Open-File Report 2006–1058

Open-File Report 2006–1058

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The Black Mesa study area includes about 5,400 mi2 in northeastern Arizona (fig. 1) and has a diverse topography that includes flat plains, mesas, and incised drainages. Black Mesa is about 2,000 mi2, is bounded by 2,000-foot cliffs on the north and northeast sides, and slopes gradually down in elevation to the south and southwest. Availability of water is an important issue in the study area because of continued ground-water withdrawals, a growing population, and precipitation that averages about 6 to 14 in./yr (U.S. Department of Agriculture, 1999). The N aquifer is the major source of water for industrial and municipal uses in the Black Mesa area. It consists of three formations—the Navajo Sandstone, the Kayenta Formation, and the Lukachukai Member of the Wingate Sandstone—that are hydraulically connected and function as a single aquifer (fig. 2).

Within the Black Mesa study area, Peabody Western Coal Company (PWCC) is the principal industrial water user, and the Navajo Nation and Hopi Tribe are the principal domestic and municipal water users. Withdrawals from the N aquifer in the Black Mesa area have been increasing during the last 34  years (table 1 and fig. 3). PWCC began operating a strip mine in the northern part of the mesa in 1968. The quantity of water pumped by PWCC increased from about 100 acre-ft in 1968 to a maximum of 4,740 acre-ft in 1982. About 4,370 acre-ft of water was pumped in 2004 by PWCC. Withdrawals for municipal use from the N aquifer increased from an estimated 250 acre-ft in 1968 to 2,840 acre-ft in 2004. The period before appreciable ground-water withdrawals began for mining or municipal purposes (about 1965) is referred to in this report as the prestress period.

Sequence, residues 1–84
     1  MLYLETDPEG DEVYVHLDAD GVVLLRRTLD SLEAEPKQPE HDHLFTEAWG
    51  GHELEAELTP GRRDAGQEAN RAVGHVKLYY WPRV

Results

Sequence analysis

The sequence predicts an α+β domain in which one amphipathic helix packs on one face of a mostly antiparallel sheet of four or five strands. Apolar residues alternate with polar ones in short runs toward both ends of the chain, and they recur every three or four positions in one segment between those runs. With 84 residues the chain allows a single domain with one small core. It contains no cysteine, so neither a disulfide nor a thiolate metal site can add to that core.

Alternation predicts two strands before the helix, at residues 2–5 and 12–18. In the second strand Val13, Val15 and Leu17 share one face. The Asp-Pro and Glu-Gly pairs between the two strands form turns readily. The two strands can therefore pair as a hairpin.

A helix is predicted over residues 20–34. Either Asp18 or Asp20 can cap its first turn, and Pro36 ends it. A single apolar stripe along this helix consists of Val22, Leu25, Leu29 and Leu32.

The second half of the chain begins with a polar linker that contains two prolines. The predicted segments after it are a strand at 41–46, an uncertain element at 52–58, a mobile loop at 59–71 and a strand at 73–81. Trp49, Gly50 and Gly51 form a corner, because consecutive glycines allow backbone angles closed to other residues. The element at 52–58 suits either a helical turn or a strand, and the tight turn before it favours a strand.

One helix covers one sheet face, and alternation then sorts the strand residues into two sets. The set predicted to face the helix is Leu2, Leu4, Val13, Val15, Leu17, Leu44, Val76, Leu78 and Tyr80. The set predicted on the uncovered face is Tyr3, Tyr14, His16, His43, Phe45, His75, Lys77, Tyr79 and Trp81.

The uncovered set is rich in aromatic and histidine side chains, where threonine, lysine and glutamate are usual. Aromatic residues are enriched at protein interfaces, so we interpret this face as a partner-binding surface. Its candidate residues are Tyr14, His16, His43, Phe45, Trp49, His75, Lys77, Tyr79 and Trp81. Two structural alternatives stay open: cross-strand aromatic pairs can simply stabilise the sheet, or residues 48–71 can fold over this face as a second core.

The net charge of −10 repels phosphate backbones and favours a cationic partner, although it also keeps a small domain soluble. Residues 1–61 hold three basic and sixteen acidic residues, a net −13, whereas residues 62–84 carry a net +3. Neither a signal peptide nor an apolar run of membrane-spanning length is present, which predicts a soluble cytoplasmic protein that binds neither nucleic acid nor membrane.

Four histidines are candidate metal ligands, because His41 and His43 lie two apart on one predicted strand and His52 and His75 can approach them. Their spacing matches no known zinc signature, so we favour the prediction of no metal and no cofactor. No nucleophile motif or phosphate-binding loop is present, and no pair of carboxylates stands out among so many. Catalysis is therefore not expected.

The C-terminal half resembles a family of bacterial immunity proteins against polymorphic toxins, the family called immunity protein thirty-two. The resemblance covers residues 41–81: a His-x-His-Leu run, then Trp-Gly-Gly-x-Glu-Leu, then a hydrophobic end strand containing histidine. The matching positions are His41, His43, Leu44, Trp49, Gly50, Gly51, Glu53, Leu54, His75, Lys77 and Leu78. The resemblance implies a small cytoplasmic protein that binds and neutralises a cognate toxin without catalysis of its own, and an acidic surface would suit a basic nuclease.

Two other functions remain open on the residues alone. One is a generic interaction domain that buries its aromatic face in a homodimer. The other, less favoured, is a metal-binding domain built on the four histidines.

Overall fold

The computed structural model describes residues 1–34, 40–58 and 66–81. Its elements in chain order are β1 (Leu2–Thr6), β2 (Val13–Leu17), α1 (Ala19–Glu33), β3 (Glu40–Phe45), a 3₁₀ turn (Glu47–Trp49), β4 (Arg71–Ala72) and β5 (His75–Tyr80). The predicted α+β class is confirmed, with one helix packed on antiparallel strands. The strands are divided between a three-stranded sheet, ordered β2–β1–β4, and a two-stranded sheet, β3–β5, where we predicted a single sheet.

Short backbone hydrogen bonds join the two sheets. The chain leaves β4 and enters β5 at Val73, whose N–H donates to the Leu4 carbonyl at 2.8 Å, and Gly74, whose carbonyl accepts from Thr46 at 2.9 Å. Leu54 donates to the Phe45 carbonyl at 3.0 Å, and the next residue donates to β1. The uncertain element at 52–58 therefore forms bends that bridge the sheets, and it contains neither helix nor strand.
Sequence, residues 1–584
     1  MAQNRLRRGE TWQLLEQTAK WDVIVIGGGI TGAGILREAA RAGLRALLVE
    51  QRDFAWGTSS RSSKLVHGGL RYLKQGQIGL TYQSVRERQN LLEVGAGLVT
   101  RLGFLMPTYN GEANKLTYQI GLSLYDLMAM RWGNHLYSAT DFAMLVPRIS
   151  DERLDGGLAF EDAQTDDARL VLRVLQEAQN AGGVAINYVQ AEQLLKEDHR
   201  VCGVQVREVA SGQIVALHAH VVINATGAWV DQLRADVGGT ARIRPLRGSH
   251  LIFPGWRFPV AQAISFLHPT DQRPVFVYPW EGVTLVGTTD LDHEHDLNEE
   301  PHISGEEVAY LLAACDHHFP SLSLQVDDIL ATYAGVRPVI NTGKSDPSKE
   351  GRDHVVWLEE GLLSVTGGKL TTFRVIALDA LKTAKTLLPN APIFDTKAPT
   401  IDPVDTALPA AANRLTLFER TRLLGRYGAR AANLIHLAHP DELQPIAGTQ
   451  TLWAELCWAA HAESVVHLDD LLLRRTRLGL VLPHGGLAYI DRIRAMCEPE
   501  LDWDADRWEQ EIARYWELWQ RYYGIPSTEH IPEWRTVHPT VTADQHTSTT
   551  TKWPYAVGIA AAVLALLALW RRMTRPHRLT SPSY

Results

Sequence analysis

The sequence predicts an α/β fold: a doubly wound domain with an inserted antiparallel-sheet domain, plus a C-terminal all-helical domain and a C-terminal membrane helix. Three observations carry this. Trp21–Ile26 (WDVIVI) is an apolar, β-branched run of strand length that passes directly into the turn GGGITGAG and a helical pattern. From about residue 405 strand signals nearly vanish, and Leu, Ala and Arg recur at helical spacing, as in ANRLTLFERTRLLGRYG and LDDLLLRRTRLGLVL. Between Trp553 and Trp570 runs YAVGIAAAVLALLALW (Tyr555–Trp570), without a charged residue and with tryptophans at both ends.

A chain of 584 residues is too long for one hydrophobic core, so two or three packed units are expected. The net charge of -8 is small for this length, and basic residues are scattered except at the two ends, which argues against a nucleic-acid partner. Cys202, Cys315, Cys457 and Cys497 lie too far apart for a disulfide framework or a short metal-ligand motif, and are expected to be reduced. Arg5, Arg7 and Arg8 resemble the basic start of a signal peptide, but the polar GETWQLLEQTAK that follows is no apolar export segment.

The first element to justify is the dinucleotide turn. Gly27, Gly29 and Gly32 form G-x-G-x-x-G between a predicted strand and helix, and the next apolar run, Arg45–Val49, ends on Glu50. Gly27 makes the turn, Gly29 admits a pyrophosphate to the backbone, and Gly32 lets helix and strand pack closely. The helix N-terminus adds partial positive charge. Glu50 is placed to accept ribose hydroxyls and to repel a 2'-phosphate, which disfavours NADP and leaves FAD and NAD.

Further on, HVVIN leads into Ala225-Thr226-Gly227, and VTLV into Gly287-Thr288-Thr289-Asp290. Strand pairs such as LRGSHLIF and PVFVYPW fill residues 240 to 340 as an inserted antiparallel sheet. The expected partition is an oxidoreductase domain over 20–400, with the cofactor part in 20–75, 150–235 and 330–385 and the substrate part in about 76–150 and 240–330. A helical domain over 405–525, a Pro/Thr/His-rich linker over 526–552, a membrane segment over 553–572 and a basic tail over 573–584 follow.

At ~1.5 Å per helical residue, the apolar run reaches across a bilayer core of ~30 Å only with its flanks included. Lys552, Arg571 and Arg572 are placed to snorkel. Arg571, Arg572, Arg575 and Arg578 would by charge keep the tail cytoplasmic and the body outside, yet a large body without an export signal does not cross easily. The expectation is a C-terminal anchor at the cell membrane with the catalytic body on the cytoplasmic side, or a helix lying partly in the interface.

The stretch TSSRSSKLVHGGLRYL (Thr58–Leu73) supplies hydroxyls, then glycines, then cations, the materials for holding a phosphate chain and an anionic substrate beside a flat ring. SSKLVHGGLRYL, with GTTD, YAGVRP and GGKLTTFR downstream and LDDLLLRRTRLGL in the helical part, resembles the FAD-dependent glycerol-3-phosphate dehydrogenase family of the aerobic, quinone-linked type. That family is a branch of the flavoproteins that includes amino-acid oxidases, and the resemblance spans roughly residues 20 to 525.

The Navajo Nation and the Hopi Tribe have been concerned about the long-term effects of withdrawals from the N aquifer on available water supplies, on stream and spring discharge, and on ground-water chemistry. In 1971, these concerns led to the establishment of a monitoring program of the water resources in the Black Mesa area by the U.S. Geological Survey (USGS) in cooperation with the Arizona Department of Water Resources (ADWR). In 1983, the Bureau of Indian Affairs (BIA) joined the cooperative effort. Since 1983, the Navajo Tribal Utility Authority (NTUA); PWCC; the Hopi Tribe; and the Western Navajo Agency, the Chinle Agency, and the Hopi Agency of the BIA have assisted in the collection of hydrologic data.

Purpose and Scope

This report presents results of ground-water, surface-water, and water-chemistry monitoring in the Black Mesa area from January 2004 to September 2005. The monitoring is designed to determine the effects of industrial and municipal pumpage from the N aquifer on ground-water levels, stream and spring discharge, and ground-water chemistry. Continuous and periodic data are collected for ground water and surface water. Ground-water data include pumpage, water levels, spring discharges, and water chemistry. Surface-water data include discharges at four continuous-record streamflow-gaging stations.